Tuesday, June 17, 2014

Practice Rhythm Strips 297

Identify the following rhythms.

1.










a. I am calling it junctional rhythm
b. No wait. It is complete heart block
c. It looks like accelerated idioventricular to me
d. It probably is sinus bradycardia

2.











a. It has to be normal sinus rhythm
b. 1st degree block, for sure
c. I'm thinking sinus arrhythmia
d. Sinus bradycardia without a doubt


3.













a. Could be junctional tachycardia with inverted T waves
b. Might be sinus tachycardia with inverted T waves
c. What about atrial tachycardia with inverted T waves
d. Definitely supraventricular tachycardia with inverted T waves

4.











a. I choose atrial paced
b. Let it be AV paced
c. No, it is biventricular paced
d. Ventricular paced, final answer


5.






a. I choose normal sinus rhythm with pauses
b. Give me idioventricular rhythm or give me death
c. Sinus bradycardia is the one for me
d. I will take junctional rhythms for 500 Alex




Answers

1. c. It looks like accelerated idioventricular to me.  The rhythm is slightly irregular with a rate of 60. No P waves are seen. The QRS complexes are wide suggesting a ventricular rhythm. No ectopic beats are noted. There is some ST depression present. PR:---, QRS: .16 sec, QT: .48 sec. Interpretation: Accelerated idioventricular rhythm
2. c. I'm thinking sinus arrhythmia.  The rhythm is irregular with a heart rate of 80/min. The P waves have a corresponding QRS complex. The QRS complexes are narrow. No ectopic beats are seen. The R-R interval between the 1st and 2nd complex is .60 sec and the R-R interval between the 4th and 5th complex is .72 sec. PR: .16 sec, QRS: .08 sec, QT: .36 sec. Interpretation: Sinus arrhythmia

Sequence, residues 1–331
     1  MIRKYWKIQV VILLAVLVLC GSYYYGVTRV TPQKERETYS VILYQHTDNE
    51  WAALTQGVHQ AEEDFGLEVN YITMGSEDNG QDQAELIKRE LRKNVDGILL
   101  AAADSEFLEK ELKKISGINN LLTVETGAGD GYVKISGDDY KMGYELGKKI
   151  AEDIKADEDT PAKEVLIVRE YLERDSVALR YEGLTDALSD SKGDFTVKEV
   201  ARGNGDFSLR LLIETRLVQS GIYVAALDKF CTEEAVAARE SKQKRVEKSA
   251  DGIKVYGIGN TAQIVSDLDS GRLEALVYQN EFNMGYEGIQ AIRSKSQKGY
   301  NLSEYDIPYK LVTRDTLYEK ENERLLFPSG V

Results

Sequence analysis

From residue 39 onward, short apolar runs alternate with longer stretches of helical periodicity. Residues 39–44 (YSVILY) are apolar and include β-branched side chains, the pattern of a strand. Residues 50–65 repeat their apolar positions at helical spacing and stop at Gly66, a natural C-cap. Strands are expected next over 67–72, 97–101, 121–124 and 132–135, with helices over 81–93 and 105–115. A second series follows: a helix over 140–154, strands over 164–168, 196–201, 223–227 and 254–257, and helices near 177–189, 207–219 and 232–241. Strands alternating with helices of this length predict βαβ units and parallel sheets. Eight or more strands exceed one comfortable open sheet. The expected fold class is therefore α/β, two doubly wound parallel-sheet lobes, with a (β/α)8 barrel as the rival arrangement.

3. b. Might be sinus tachycardia with inverted T waves. The rhythm is regular. The heart rate is fast, 125/min. The P waves are upright and have a corresponding QRS complex. The QRS complexes are narrow. There is down slopping of the ST segment with inversion of the T wave. You would suspect inferior ischemia since lead III is an inferior lead. Look for corresponding changes in lead II and aVF. No ectopic beats are noted. PR: .16 sec. QRS: .08 sec, QT: .28 sec. Interpretation: Sinus tachycardia.
4. b. Let it be AV paced.  The rhythm is regular with a rate of 60/min. There are small, low voltage P waves that are preceded by an atrial pacer spike as well as QRS complexes that are preceded by a single pacer spike. The PR interval is prolonged, .28 sec. The QRS complexes are wide which is typical for a paced beat. Typically you see a negative QRS complex followed by a P wave of opposite polarity. Because the impulse travels outside the usually electrical pathways the QRS complex is wider. The PR interval is programed to be prolonged as this delays the onset of a pacemaker induced cardiomyopathy.
5. d. I will take junctional rhythms for 500 Alex.   The rhythm is regular with a rate of 40 min. No P waves are seen and the QRS complexes are narrow. These are characteristics of a junctional rhythm. No ectopic beats are seen. PR: ---, QRS: .08 sec, QT: . 52 sec. Interpretation: Junctional rhythm.




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